Breathe Cleanly – Steps to Purify The Air In Your Home
Indoor air quality is one of the most common causes of complaints in offices. The EPA notes that concentrations of some pollutants are commonly two to five times higher indoors than outdoors - and Americans spend around 90 percent of their time indoors.
Tips for Boosting the Air Quality in Your Office
Indoor air quality is one of the most common causes of complaints in offices. The EPA notes that concentrations of some pollutants are commonly two to five times higher indoors than outdoors - and Americans spend around 90 percent of their time indoors. Keeping offices clean and pure requires a multifaceted approach, ranging from keeping HVAC filters in optimal working condition, to choosing non-toxic design features. Ultimately, ensuring indoor air is of optimal quality is a matter that employees, managers and all office staff need to work on together as a team.
Thorough Evaluations Are Key
Indoor air quality should be evaluated by a professional, since obtaining accurate readings requires state-of-the-art equipment and experience in using this equipment. The professional should be able to test for everything from mold spores to VOCs and other gases that can harm human health. Reliance on professionals will ensure that problems are identified and a strategy is formulated to make necessary changes.
Key Relationships Should Be Built and Maintained
Office management should create good working relationships with building management to ensure the latter is informed of any problems that need addressing. The leasing contract should clearly indicate which parties are responsible for which aspects of HVAC maintenance. A schedule should also be established in order to change filters and replace necessary components when necessary. Office management should also ensure that building management is familiar with the report, Building Air Quality: A Guide for Building Owners and Facility Managers, drafted by the EPA and the National Institute for Occupational Safety and Health. This report provides a wide range of measures to be adopted by building management, and also provides solutions to common air quality problems.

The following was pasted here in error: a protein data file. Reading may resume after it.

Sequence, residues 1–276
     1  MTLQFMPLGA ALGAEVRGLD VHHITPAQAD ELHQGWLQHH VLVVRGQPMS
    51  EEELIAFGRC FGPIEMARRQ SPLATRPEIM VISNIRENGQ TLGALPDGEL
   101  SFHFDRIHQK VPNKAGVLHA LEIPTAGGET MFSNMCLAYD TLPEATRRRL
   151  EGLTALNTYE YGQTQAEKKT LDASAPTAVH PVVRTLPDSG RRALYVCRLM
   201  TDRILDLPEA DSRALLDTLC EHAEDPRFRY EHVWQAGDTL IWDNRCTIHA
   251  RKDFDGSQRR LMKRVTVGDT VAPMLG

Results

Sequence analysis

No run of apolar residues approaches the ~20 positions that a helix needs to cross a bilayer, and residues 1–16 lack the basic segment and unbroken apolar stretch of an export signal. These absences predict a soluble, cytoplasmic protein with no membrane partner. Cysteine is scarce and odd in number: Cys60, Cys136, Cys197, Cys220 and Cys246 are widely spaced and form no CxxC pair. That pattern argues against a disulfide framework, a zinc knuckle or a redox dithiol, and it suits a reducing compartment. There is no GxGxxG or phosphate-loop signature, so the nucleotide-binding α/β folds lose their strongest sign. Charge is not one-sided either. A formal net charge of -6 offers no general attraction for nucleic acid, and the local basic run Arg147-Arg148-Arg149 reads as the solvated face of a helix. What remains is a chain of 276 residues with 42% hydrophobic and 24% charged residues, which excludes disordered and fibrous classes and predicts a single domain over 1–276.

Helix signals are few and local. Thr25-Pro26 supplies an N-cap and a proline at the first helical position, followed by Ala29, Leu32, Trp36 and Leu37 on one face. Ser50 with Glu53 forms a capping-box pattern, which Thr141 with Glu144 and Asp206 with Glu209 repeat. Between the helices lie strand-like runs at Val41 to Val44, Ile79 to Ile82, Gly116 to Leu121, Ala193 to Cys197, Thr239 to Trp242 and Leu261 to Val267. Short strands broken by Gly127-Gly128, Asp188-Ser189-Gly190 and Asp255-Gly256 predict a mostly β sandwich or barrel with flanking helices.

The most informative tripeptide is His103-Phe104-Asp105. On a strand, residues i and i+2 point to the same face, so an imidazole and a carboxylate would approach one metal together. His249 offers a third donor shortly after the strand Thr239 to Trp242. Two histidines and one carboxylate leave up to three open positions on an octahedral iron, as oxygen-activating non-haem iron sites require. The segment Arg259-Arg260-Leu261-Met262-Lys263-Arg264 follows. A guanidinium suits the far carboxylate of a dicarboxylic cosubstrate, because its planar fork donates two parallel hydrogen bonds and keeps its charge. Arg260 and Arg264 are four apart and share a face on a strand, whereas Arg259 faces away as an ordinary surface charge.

Reducing Toxic Buildup and Choosing Optimal Design Features
Management needs to give importance to everything from the type of furniture selected to the cleaning products used by cleaning staff. Bleaches and other toxic items, for instance, can be almost completely avoided by the use of top standard steam vacuum equipment. Soft furnishings containing flame retardants should be replaced, since they can emit gases that are harmful to human health. Many offices are also opting to include plants and indoor water features to reduce pollution. Research has shown that plants can absorb many gases apart from carbon dioxide, including VOCs, benzene, pesticides, plastic emissions and formaldehyde. Water features, meanwhile, can help to ionize fine particles, working in a similar fashion to ionizing air filters.
Receiving Feedback from Employees
Management should request feedback from employees regarding possible symptoms of respiratory issues from poor indoor air quality. Frequent sneezing, fatigue, headaches and nausea should be considered a sign that change is needed - particularly if these complaints are shared by people working in one particular area or on one floor of the building. Management can then work alongside professionals to test key areas such as Radon concentrations, dampness, mold and potential HVAC problems. The problem may also be overcrowding, or even ineffective protection against outdoor pollution.
Americans spend around one third of their life at work, which makes indoor air quality a matter of vital importance. Office management should make air quality a priority, establishing good relationships with building management and increasing awareness of the matter amongst staff. In addition to regularly checking HVAC systems, other measures can help - these include using HEPA or ionizing filters, purchasing non-toxic furniture and cleaning equipment, and establishing strict policies in regards to smoking and other potentially harmful activities.